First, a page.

The Gifts That Pediatric Hospice Gave Us
Here we are, about a year out from the day we chose to begin hospice for our 6-year-old son, Jacob. I knew as soon as I climbed in the ambulance with him a year ago that it would be our last ride; I just had a feeling. I knew his body was tired. I knew the seasons of his life were changing. What I didn’t know was that we while we were facing the end of our son’s life, we were also being blessed with a great gift: hospice.
Hospice never sounds good. The word itself indicates death and dying and oftentimes, that makes people really uncomfortable, especially if you’re referring to pediatric hospice. What is hospice? For us, it’s choosing comfort. It’s realizing that sometimes, even maintenance care can be intensely stressful (bi-yearly bronchoscopies for example). It’s accepting that you can no longer “fix,” and must now just love and care.
The situation that shouted “hospice” to us was a gradual decline of Jake’s nervous system, causing dysautonomia and the inability to keep his body warm. We called an ambulance that day because his temperature was 94.5 degrees Fahrenheit, but we had done similar things before. I knew there was only so much they can do.
We didn’t realize, however, that we were facing only four months of hospice before Jake went to heaven. At the beginning of the process, we discussed a three-year term, and afterwards we’d revisit our plans. Pediatric hospice has different guidelines than adult or geriatric hospice.
Hospice made us throw caution to the wind a little more often. Which was undoubtedly, another gift. I recall planning for a Christmas party just a few days after getting out of the hospital with our still new hospice plan. We decided Jake needed to go. We brought his heated blanket and lots of warm clothes, all his meds and his equipment. It was so much. He loved it! He stayed awake for most of it and got to see Santa Claus.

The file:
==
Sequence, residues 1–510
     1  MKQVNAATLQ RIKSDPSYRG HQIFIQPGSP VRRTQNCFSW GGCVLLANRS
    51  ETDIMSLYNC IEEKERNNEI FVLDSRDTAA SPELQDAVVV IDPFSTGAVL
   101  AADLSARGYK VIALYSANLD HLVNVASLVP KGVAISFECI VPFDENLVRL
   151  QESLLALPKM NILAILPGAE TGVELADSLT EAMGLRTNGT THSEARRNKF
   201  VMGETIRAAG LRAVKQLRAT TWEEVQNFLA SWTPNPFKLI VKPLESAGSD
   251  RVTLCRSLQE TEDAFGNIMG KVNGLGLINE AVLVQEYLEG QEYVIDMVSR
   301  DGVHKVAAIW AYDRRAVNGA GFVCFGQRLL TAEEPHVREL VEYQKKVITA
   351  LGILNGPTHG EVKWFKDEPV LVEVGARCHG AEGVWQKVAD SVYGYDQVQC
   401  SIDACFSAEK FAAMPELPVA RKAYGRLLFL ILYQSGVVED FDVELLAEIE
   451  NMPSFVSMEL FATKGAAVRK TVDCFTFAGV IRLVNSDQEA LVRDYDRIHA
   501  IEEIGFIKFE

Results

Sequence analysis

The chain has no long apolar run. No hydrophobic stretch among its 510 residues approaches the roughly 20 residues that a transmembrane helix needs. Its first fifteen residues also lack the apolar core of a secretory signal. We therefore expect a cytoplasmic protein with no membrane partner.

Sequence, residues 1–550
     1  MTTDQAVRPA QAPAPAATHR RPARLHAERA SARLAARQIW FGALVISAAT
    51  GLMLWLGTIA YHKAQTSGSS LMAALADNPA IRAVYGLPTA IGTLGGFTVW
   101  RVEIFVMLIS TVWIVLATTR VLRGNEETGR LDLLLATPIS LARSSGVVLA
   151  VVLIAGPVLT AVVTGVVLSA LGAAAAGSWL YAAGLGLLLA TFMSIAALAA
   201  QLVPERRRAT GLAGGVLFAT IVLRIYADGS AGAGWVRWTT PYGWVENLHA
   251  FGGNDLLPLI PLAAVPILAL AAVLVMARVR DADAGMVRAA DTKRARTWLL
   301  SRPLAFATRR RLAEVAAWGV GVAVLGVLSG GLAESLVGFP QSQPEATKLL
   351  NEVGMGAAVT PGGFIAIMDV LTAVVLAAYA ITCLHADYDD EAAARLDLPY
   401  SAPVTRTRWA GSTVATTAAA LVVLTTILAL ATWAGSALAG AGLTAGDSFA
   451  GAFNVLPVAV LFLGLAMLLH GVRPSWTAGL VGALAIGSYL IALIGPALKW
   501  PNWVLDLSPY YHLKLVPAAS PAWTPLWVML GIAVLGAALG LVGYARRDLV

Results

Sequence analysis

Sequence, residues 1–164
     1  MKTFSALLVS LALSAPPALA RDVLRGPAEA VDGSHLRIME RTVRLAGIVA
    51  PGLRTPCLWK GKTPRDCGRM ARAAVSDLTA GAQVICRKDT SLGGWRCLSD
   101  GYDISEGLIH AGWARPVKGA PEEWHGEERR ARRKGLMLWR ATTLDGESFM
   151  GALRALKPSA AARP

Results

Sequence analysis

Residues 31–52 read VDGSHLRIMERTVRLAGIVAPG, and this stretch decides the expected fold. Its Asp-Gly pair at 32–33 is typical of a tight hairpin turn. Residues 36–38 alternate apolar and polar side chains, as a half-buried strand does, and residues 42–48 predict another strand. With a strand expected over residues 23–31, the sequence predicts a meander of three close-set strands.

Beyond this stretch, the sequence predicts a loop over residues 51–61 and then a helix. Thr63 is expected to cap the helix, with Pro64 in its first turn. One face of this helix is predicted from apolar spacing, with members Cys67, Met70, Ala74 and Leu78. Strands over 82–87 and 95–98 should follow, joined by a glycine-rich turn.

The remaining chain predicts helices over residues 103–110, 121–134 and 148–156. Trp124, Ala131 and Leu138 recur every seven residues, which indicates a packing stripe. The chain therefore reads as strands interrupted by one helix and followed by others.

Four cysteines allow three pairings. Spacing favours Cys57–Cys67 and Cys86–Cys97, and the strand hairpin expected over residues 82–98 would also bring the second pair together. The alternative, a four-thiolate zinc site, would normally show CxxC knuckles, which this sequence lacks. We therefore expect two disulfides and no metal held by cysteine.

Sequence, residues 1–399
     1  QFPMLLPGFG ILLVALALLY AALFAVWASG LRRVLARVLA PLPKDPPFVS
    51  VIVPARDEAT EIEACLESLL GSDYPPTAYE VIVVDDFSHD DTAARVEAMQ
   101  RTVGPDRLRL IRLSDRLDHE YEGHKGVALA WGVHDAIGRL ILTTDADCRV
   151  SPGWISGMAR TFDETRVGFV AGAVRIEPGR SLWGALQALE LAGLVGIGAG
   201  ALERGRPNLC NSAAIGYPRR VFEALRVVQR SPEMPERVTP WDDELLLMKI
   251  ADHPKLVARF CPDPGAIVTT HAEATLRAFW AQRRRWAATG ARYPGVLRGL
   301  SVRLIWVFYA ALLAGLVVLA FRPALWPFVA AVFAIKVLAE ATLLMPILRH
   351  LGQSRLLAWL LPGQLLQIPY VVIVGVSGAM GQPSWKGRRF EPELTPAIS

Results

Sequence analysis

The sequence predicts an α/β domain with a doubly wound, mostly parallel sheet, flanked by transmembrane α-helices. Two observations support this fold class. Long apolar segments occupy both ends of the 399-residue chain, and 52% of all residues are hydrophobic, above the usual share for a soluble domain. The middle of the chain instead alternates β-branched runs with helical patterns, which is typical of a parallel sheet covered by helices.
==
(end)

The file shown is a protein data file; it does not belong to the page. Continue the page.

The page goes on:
Hospice also made us make time to snuggle and cuddle and enjoy the little things. A friend, who has also lost a child, told me to take pictures, so I took pictures of everything: his fingers and toes, his eyelashes, his cute little nose. We had a friend come take candid photos of us just enjoying him one morning.
The other gift it gave us was a plan. Now that we were in hospice, we had a plan for the end of Jacob’s life. We knew what it would be like (or most likely), we knew the signs indicative of a decline, and we knew what we wanted for him. I have always been someone who needs as much control as possible around a situation, and hospice helped me find balance in an almost uncontrollable situation.
Lastly, we were blessed with the gift of the plan we had for him coming to fruition. Not many people get to plan how they will die, and even less get to honor that plan — because dying is as personally unique as being born.
For us, letting Jake go home to G-d in the comfort of his own bed, in our home, surrounded by those who loved him most, was what we wanted and what we assumed he wanted. We chose to make him very comfortable with medicine and remove his ventilator, as his life was mostly pain at that point as his body was slowly shutting down. I can see now that we made the perfect choice at the perfect time, just as it was all meant to be.
A doctor once told me he saw life in seasons. We are born in the spring, and in the winter, we pass away. I like this analogy. Jacob struggled a lot to get through spring. I feel he really came into his own and found comfort enough to just enjoy life in his late summer or early fall — that beautiful time of year when the leaves change and a walk outside is brisk and refreshing. That was the part of his life he most enjoyed. Jacob’s winter was short. We almost didn’t realize winter had come and he was gone.
I miss him every single day, but I’m still thankful for the gifts hospice brought into our lives. Sometimes, there is no other way, as much as we wish there was. Throughout his life, Jacob attracted the most incredible people, many of whom remain good friends today. But hospice? That was a team of angels, I am almost positive.